The Basics of Virtual Power Purchase Agreements

The Basics of Virtual Power Purchase Agreements
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BY:
Loren Henry

Broker

October 7, 2020

Virtual power purchase agreements (VPPAs) are fast becoming a way for corporations to meet their renewable energy objectives. However, it can be difficult for your clients to explore the benefits of VPPAs if they don’t understand what these types of contracts are and the basics of how they work.

A Physical PPA Agreement
A physical PPA is a contract between an energy buyer and the developer of a renewable energy project that is scheduled to be built. The contract essentially guarantees that the developer will receive a fixed price for their energy. In exchange, the buyer receives renewable energy credits (RECs) for every megawatt hour of clean energy that is generated and sold. In general, these long-term contracts range anywhere from 12 to 20 years, allowing the developer to secure the necessary financing to begin the project. Today, corporations are engaging more with these types of contracts because they allow the company to take advantage of renewable energy claims, generate more clean energy and hedge against rising energy prices.

PPAs Versus VPPAs
A physical PPA is when the company or a third party takes the title to the physical energy at a specified delivery point on the grid. A virtual PPA is similar, but instead of the energy physically flowing from the project to the buyer, it takes the form of a financial contract that allows the energy to be sold on the wholesale market where anyone can use it. Simply put, a VPPA contract is a financial transaction (commonly referred to as a fixed-for-floating swap) that guarantees that the project developer will receive the fixed PPA for every megawatt hour of energy sold at market and in return, the company receives RECs generated by the facility.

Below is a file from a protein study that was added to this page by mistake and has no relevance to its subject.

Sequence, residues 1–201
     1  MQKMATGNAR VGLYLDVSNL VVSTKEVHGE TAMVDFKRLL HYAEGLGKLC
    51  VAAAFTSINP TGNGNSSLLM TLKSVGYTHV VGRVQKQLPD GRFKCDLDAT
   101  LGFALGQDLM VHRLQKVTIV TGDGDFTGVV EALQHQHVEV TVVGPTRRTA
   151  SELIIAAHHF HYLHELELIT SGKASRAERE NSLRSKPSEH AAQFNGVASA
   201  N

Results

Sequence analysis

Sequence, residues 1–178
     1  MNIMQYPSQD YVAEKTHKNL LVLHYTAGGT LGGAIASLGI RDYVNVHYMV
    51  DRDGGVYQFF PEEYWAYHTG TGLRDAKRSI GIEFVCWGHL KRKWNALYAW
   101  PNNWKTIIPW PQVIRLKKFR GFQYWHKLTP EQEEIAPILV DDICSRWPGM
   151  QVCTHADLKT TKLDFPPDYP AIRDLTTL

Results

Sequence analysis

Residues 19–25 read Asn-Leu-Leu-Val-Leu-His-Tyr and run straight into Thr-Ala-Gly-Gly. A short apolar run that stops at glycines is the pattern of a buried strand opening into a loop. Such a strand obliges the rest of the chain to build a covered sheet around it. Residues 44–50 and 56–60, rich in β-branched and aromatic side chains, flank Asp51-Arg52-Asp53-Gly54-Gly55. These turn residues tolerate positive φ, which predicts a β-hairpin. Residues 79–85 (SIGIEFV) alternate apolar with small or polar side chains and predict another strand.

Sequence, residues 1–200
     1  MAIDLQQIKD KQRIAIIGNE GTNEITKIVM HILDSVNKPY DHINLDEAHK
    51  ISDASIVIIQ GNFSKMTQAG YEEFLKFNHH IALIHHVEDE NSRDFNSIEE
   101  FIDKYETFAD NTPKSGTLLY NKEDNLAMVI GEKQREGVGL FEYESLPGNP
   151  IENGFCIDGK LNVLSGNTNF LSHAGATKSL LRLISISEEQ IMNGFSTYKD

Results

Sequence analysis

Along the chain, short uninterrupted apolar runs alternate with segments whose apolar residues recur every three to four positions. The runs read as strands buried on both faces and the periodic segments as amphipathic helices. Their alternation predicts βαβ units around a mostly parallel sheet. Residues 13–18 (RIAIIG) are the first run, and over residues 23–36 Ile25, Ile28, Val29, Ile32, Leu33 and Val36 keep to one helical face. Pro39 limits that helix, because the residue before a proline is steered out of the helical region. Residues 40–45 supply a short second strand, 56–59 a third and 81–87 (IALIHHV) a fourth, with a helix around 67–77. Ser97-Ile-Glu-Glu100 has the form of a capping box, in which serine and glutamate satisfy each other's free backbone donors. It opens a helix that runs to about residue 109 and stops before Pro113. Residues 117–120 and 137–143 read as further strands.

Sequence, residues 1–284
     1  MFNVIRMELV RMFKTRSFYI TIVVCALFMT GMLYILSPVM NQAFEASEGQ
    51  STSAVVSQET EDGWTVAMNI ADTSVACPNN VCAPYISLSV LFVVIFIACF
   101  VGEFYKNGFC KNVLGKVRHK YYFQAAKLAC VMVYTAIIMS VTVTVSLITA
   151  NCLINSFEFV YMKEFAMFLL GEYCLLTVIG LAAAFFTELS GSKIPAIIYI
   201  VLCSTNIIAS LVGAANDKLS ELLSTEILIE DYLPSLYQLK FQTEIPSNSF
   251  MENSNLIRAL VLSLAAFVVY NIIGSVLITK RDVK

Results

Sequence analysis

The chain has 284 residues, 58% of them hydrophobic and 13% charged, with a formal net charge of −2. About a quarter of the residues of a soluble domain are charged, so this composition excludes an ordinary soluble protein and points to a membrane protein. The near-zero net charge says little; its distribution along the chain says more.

In general, the VPPA process involves five steps:

  1. The project is kicked off by the developer.
  2. The VPPA is signed by the buyer and developer as per the contract terms.
  3. The developer obtains financing and construction begins.
  4. The project, once it becomes operational, permits the developer to sell the energy on the wholesale power market at the current price (aka the floating price).
  5. At the close of the settlement period, the floating market price versus the fixed VPPA price is calculated, and the developer or buyer pays the difference. At that time, the developer receives one REC for every megawatt hour sold, and in most instances, the RECs are immediately transferred to the buyer.

Today’s VPPAs have opened up doors for a wide variety of companies (including smaller organizations), universities and institutions to finance renewable energy projects. In fact, in 2019, nearly 19.5 GW of clean energy contracts were signed by more than 100 companies, with more than 80% of those contracts being VPPAs.

At Worldwide Facilities, we’re helping renewable energy businesses nationwide meet the specialized insurance challenges of the rapidly growing renewable energy sector.

To learn about our unique insurance solutions to problems that arise in this ever-changing industry, contact Loren Henry at lhenry@wwfi.com or 619-541-4265. 

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